CHRIS: So explain to me then the scientific reasoning, the doctor’s reasoning, what we’ve always been taught is that your weight can affect issues like cholesterol and heart, and so on, so where is that theory wrong?

NATALIE: It’s not wrong, it’s just that the research they’ve done is on a population level of thousands and thousands of people, and a lot of the studies that were done are actually biased, and they’re taken out by weight loss product companies and gastric banding manufacturers, and a lot of the research done that fat acceptance people refer to is actually biased in that way, and the doctors are actually paid out by these companies, so the stuff that gets to the media is often not checked out.

NICK: And it’s also important to note that a lot of studies that are done these days are, I don’t know the correct term, but they’re done after the fact, so they’re sort of a meta-study, where they go back and they look at studies that have been done over the last ten-fifteen years, and they ask, they pose questions like “OK, what trends can we find within the statistics that we have?” and quite often it can be looking for a trend rather than actually doing a study from scratch and using the gold standard double blind tests and actually looking to see what the outcome is, so instead of proposing a study where you say “Let’s look at these morbidly obese people and find out what health issues they’ve got” it can be “Let’s look back at these studies of people and find out whether they’ve got high cholesterol” and they can say “OK well they have got high cholesterol” because that’s what they’re looking for.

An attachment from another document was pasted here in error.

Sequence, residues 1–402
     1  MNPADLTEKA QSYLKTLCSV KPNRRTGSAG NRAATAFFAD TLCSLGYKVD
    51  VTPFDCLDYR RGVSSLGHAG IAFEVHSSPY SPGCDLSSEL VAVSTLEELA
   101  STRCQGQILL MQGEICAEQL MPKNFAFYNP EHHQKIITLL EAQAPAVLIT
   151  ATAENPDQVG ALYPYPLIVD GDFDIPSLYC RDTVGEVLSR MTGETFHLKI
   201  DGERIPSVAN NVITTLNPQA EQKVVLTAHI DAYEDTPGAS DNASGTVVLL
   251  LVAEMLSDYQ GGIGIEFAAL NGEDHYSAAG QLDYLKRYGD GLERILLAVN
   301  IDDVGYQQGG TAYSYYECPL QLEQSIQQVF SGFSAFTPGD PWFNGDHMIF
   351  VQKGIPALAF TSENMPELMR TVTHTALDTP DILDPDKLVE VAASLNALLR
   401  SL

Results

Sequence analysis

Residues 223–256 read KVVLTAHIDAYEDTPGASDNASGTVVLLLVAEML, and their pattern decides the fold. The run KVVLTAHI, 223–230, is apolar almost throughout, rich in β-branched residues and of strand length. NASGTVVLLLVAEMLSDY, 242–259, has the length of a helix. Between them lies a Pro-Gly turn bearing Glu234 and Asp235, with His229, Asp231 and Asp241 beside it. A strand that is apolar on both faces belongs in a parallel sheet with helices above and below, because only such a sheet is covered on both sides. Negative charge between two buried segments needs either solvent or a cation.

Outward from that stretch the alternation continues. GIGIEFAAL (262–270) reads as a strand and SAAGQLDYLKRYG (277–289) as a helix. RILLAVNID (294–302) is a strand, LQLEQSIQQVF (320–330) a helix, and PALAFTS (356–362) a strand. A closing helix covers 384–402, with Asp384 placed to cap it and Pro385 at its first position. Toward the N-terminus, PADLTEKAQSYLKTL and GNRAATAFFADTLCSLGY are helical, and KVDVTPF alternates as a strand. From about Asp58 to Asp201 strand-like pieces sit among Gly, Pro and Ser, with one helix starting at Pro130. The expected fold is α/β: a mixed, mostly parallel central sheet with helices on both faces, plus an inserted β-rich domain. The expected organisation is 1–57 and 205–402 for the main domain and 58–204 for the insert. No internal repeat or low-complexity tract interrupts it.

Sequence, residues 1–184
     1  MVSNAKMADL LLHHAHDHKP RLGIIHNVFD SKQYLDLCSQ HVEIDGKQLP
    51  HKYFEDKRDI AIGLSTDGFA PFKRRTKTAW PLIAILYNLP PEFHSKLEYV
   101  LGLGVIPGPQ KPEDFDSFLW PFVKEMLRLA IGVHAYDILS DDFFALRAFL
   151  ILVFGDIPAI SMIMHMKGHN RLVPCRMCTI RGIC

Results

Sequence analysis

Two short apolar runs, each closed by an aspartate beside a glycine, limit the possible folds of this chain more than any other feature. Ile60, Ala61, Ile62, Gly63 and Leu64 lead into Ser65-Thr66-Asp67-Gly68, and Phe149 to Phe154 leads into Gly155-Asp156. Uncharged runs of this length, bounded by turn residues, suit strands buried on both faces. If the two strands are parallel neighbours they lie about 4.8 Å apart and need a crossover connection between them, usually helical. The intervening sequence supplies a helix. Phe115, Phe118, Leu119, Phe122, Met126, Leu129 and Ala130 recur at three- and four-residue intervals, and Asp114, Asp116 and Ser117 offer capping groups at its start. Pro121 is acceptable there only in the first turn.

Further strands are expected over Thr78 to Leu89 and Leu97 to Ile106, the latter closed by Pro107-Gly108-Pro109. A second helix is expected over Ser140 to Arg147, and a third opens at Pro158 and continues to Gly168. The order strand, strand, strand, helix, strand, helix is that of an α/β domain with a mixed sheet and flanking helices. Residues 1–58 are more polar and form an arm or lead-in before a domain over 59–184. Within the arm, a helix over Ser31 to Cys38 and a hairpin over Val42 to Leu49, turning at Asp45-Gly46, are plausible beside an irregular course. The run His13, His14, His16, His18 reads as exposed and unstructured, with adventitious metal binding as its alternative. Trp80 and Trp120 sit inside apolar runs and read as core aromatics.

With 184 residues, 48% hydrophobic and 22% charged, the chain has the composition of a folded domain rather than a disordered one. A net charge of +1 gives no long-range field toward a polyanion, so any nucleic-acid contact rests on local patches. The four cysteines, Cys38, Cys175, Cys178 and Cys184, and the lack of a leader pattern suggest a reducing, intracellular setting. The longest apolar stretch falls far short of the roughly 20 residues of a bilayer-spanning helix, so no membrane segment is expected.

CHRIS: It’s a quarter to ten on 612 ABC Brisbane, I’m speaking with Natalie Perkins who’s going to be addressing the first Australian Fat Studies Conference. What’s that about?

NATALIE: The Fat Studies Conference has been organised to get in people from around Australia and overseas to talk about fatness and health and all the issues around it, the social issues, because it’s never been done before, and it seems like everything when it’s done in the media about the obesity epidemic, which is totally not there, people talk about fat people not to fat people, so I think this conference is organised to get fat people to speak for themselves on their own behalves.

CHRIS: And what sort of issues will they be talking about?

NATALIE: Well, you know you’ve got things like health, you’ve got sexuality, you’ve got exercise and movement, you’ve also got health preventions, like gastric banding and things like that, and you’ve got doctors, you’ve got bloggers like me, and activists from around the world.

CHRIS: And you’re not afraid of the word fat?

NATALIE: No, absolutely not, I’ve got a necklace on right now that says fat!